The stock market got a nice pop after Congress and President Obama reached a budget deal, and that was on top of the nearly 18 percent the market had gained in the first nine months of the year. While others are eagerly buying stocks, this might be a good time for you to think about selling. Here are four things to consider as you weigh the decision to sell stocks between now and the end of the year.
1. The macro side
Wise stock decisions require two levels of analysis: the big picture and company specifics. As enthusiastic as you might be about the individual stocks in your portfolio, those companies are going to have a hard time succeeding if the economy runs into a brick wall. Right now the biggest macro concern is what happens when the temporary budget deal reached by Congress and the president runs out early next year. If the stocks got a boost because the last set of deadlines was met, they might also start to falter as the next set of deadlines approaches. Scaling back on your stocks before then might prove timely.
2. Prices vs. earnings
It's easy to fall in love with rising stock prices, but it's equally important to follow how the companies you own are really doing, by keeping an eye on their earnings. This is a particular concern right now because prices have become somewhat unhinged from the underlying earnings. Since the end of 2011, S&P 500 prices are up by 33.7 percent, while earnings are up just 12.6 percent. If earnings for any of the companies you own are lagging badly behind the stock's price movement, you might want to count yourself lucky and take the gain while you can.
3. The need to rebalance
Portfolios get out of whack when prices move unevenly, and rebalancing can be a way of trimming some of your higher-priced positions. This applies both to asset classes and to sectors within your stock holdings. Otherwise, over-weightings can develop, as when technology ballooned to 34.5 percent of the S&P 500 just prior to the dot-com collapse of 2000.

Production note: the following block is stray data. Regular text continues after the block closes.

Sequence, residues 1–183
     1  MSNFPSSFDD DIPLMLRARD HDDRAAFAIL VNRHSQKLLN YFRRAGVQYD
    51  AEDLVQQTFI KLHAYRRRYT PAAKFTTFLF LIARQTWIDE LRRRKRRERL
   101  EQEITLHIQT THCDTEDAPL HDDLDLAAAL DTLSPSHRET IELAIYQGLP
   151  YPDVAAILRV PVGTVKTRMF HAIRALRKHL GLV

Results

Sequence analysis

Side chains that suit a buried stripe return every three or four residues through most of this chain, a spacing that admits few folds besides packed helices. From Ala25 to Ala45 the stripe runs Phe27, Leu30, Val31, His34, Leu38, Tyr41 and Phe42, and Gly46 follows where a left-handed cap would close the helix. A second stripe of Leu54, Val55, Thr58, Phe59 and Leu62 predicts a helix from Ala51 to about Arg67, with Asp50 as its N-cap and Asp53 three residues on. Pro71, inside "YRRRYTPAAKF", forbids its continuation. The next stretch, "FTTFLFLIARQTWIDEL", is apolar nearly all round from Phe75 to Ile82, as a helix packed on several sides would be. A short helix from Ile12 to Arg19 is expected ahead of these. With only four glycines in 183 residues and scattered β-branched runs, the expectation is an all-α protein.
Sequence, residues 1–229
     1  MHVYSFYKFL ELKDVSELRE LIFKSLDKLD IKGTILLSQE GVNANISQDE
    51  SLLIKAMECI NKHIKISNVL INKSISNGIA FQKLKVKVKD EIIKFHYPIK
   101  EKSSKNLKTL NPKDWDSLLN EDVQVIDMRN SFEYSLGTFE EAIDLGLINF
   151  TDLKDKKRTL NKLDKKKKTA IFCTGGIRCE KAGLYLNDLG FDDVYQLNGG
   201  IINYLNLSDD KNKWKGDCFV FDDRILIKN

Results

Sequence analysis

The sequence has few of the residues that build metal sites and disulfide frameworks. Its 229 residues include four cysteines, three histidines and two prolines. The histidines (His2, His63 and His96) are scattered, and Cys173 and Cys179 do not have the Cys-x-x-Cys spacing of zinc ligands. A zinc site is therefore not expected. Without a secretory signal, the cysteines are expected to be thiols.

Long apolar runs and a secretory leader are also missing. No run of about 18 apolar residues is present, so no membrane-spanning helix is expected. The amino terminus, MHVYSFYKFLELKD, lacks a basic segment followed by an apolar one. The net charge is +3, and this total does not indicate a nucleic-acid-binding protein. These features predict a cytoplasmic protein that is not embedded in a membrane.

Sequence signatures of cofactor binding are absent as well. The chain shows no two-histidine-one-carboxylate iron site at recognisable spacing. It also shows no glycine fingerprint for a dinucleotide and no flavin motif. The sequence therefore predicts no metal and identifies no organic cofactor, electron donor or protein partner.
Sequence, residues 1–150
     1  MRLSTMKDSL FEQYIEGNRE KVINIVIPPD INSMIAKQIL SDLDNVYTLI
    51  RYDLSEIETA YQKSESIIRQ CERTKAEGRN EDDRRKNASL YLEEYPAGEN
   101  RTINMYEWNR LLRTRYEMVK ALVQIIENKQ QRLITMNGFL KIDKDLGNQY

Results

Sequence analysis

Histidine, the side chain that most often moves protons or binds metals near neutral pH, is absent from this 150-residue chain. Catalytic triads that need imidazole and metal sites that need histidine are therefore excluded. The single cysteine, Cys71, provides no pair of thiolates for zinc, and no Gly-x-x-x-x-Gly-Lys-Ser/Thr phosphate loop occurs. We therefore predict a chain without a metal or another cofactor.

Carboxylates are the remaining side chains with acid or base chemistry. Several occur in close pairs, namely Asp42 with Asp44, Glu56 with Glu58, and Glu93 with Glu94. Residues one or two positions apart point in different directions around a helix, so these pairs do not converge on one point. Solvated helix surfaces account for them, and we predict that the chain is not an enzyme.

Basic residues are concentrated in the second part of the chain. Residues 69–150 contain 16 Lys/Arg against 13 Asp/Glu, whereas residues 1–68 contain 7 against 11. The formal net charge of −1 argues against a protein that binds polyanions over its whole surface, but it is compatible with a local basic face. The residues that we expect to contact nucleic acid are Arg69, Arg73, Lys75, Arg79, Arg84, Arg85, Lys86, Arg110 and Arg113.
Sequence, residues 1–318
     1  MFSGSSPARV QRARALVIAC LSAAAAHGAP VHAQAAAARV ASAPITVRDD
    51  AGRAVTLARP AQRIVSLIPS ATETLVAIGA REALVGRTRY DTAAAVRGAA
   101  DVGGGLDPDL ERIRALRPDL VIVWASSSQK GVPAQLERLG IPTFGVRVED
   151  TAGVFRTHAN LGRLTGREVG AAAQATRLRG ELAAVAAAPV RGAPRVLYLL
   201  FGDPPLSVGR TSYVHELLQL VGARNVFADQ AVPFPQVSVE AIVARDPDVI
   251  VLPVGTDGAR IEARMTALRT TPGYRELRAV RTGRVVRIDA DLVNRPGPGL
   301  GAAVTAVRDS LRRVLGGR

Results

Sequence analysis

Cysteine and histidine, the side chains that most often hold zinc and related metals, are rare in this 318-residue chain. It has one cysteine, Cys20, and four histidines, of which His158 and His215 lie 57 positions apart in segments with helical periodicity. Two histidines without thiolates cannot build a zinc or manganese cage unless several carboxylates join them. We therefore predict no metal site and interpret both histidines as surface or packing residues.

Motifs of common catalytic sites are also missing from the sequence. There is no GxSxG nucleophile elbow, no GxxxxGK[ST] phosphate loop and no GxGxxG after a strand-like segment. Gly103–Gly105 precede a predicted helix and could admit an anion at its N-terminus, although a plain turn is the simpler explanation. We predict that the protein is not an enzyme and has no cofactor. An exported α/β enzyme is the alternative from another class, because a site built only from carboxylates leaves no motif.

4. The alternatives
One challenge when selling is deciding where to put the proceeds. With savings and money market rates so low, they may seem an unappealing alternative. One option may be to look for longer-term CDs with low early withdrawal penalties. Normally you might not consider CDs liquid enough to be a holding tank for awaiting investment opportunities, but if you can find a longer-term CD with a relatively small penalty for early withdrawal (some are as low as two months in interest), you can take advantage of higher CD rates and after a relatively short period of time, still do better than you would have in a savings or money market account -- even after paying a penalty if you need to cash in to capture your next opportunity. Of course, for some portfolios there are tax considerations to take into account when selling stocks, but that is an entire subject in itself. The above points are purely based on the investment side of the equation, and cover principles designed to keep you buying low and selling high.